Great Hammerhead Shark

Sphyrna mokarran

Last updated: October 10, 2022
Verified by: AZ Animals Staff
© Sail Far Dive Deep/

Great hammerhead sharks have a 360 view because their eyes are situated on the ends of their mallet-like heads.

Great Hammerhead Shark Scientific Classification

Scientific Name
Sphyrna mokarran

Read our Complete Guide to Classification of Animals.

Great Hammerhead Shark Conservation Status

Great Hammerhead Shark Locations

Great Hammerhead Shark Locations

Great Hammerhead Shark Facts

Squids, Fish, Crustaceans, small sharks, sting rays, cephalopods
Name Of Young
Group Behavior
  • Solitary
Fun Fact
Great hammerhead sharks have a 360 view because their eyes are situated on the ends of their mallet-like heads.
Biggest Threat
Killer Whales
Most Distinctive Feature
Head is shaped like a hammer
Distinctive Feature
Head shaped like a hammer
Gestation Period
11 months
Litter Size
6-42 pups
Shallow waters over continental shelves and island terraces
Killer Whales, Bull sharks
Average Litter Size
6-42 pups
Number Of Species
Indian ocean, Atlantic ocean, Pacific ocean, Mediterranean Sea

Great Hammerhead Shark Physical Characteristics

  • Brown
  • Grey
  • White
  • Olive
  • Grey-Brown
Skin Type
Top Speed
20 mph
20-30 years
900-1280 pounds
10-14 feet
Age of Sexual Maturity
8-9 years
Age of Weaning
From birth

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“The heaviest great hammerhead shark ever recorded weighed a whopping 1280 pounds”

The great hammerhead shark is found in warmer waters and is the biggest of nine subspecies. Generally, they grow up to 10-14 feet long. However, there are records of a female over 20 feet!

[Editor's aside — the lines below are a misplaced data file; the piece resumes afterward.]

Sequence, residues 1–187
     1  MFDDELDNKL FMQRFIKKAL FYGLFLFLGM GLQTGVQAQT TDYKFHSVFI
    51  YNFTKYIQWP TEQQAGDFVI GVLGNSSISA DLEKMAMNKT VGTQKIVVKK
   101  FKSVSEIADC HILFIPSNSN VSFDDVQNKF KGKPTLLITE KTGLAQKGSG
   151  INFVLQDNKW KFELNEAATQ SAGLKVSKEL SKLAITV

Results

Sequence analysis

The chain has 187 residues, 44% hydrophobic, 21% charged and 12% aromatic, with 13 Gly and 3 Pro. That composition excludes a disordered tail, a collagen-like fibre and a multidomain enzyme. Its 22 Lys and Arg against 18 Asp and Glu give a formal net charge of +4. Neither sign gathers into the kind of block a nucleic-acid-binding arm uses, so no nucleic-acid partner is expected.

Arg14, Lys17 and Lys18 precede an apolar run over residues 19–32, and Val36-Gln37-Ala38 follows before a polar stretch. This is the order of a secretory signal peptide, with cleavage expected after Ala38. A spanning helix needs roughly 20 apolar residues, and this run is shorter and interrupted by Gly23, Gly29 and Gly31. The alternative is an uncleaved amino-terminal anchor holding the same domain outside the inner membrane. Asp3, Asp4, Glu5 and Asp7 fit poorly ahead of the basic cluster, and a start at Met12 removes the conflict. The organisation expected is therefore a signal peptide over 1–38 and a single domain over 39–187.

Great hammerhead sharks are solitary animals that migrate to warmer waters during winter. The females give birth to between 6 t-42 pups every 24 months.

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Great Hammerhead Shark Facts

  • The longest great hammerhead shark measured at 20ft, and the heaviest weighed a whopping 1280 pounds!
  • Great hammerhead sharks prefer shallow waters and are usually found up to 262 feet deep. However, they have been found at depths of 984 feet.
  • Researchers believe great hammerhead sharks are cannibalistic and sometimes eat their own young.
  • Great hammerhead sharks love to eat stingrays and have been found with their stingers protruding from their mouths, which means they are immune to their venom.
  • The great hammerhead shark’s gestation period lasts for 11 months, and they give birth to between 6-42 pups.

Great Hammerhead Shark Scientific Name

The great hammerhead shark’s scientific name is Sphyrna mokarran, a mixture of Greek and Arabic meaning, “great hammer.”

A German naturalist explorer Wilhelm Peter Eduard Simon Rüppell first discovered the species in 1837. Because of his two major expeditions to northern Africa in 1817, he helped create the Natural History Society.

On his second expedition from 1831 to 1834, near Eritrea on the Red Sea, Wilhelm witnessed a great hammerhead shark stranded on a sandbank while trying to catch its prey.

He noticed that it differed from the four species already documented by French zoologist Achille Valenciennes. So Wilhelm crowned it with the Arabic name mokarran, which means “Great.”

The male was an astounding 9.5 feet, and they released it unharmed. This legendary explorer also documented other shark species like: